I have a geometry node to edit UV
And I want to add a random number for the X coordinate
But when I add it, UV breaks down
enter image description here But when I enter the number manually everything works fine.
enter image description here enter image description here

Full node
enter image description here

I don't understand what am I doing wrong?

I need this to create different leaves in a mesh from Planes

enter image description here enter image description here enter image description here

  • $\begingroup$ Why wouldn't the UV break down if you're randomly moving coordinates? Perhaps you don't know that $1$ is a lot in UV space, because the $0$ is supposed to mark the beginning of the texture, and $1$ its end (so you're moving from the beginning to the end of the texture). $\endgroup$ Commented Jun 28 at 8:45
  • $\begingroup$ I might agree with @MarkusvonBroady that 0 to 1 is probably a much too wide range... but to judge on that I would have to understand (or you should explain in your question) what your actual goal is. Because how you have set up the nodetree it looks as if you wanted to distort the UV map (but this fails because you probably have just a default plane there with only four corner vertices, but Geometry Nodes need geometry to store values, i.e. more subdivisions). Or, and this is what the screenshots suggest, you actually want to show random parts of the color grid (undistorted). $\endgroup$ Commented Jun 28 at 9:13

2 Answers 2


The Random Value node generates a value for each vertex in the mesh. If you want to have the same value for each point, you should plug a singular value into the ID socket, which by default gets the ID of the element.

enter image description here

If you want to get a value for each face, you can evaluate ID on face domain (in this case you should store UV on Face Corner):

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See also:

Random node
Evaluate on domain

  • $\begingroup$ For "each face" implies that there are more faces... but the first screenshot in the question looks clearly like there is only one face. That's why I asked in the comments for clarification what exactly is the goal and mentioned that depending on the desired outcome more resolution might be needed. $\endgroup$ Commented Jun 28 at 10:57

You already accepted the other answer, but just to show how I understood the question: I thought you had a bunch of instanced planes, all using the same material with an image texture of a 3 × 3 grid of leaves.

Then I thought you want each instance to show a different part of the image texture, i.e. one of the 9 leaves variations. Since the planes are instances, you have to realize them to get the index of each face.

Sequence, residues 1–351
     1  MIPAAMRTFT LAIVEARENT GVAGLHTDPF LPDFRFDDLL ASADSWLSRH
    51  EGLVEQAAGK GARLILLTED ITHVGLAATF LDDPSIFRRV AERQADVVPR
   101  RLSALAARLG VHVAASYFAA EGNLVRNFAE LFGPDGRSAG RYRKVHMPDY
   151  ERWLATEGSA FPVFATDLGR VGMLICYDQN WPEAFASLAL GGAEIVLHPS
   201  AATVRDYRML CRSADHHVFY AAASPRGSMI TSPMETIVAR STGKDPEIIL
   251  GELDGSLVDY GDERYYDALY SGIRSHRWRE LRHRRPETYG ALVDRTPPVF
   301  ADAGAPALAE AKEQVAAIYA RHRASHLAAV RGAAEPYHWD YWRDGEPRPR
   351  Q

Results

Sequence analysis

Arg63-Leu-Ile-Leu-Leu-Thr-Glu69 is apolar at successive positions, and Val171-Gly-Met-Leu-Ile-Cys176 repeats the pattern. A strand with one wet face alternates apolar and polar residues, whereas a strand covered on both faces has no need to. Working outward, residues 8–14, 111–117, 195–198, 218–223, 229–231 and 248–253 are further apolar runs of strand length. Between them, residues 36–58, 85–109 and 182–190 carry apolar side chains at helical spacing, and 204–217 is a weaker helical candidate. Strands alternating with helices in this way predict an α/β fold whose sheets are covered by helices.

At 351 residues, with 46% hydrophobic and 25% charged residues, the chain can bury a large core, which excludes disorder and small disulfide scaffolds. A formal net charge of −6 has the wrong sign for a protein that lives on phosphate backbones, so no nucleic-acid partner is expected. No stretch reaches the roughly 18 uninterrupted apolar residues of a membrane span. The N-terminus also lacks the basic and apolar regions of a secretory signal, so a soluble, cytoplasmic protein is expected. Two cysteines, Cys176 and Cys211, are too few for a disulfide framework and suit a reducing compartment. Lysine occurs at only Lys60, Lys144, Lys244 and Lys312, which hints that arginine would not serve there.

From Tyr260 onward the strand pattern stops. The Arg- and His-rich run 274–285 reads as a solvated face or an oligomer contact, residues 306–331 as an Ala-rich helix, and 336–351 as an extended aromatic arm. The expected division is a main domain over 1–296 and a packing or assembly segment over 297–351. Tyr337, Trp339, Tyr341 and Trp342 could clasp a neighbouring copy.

Important: In the following setups, each Random Value node gets the index value of the faces plugged into the ID input which comes from a Evaluate on Domain node set to Face. This is not only necessary for getting random values per index, but without the face index each vertex would get a different random value, which will distort the UVs.

Now this index is used to create a random integer between 0 and 2. I choose those values because the image has three rows and three columns of leaves, think of them as indexed with 0, 1, 2.

I use two Random Value nodes with different seeds to create integers, because I want to get random values for rows and columns (i.e. X and Y values in a Combine XYZ node). If I use only one value for X, I could only get leaves from a single row (or column if I only used them for Y values). Using the same random value for X and Y would result in getting only the three diagonal leaves (0, 0), (1, 1) or (2, 2).

After adding them to the original UVMap vector I scale them by 1/3 to get the correct offsets since each column and row has 1/3 of the full UVMap's width and height.

Here is the result, I did not create a bunch of leaves like your example but instanced them on a grid so that you can see the variations better:

nodetree basic

If you now also want to rotate those images randomly, you can take another Random Value node set to Float with a Min value of 0 and a Max value of 2*pi for example and plug it into the Angle input of a Vector Rotate node set to Z Axis. The original UVMap data from the Named Attribute goes into the Vector input of the Vector Rotate node. The result goes into the Vector Math > Add node. The order is important, the rotation has to be first on the original map, then comes the addition and then the scaling. A different order will mess up the UVs.

nodetree with random rotations


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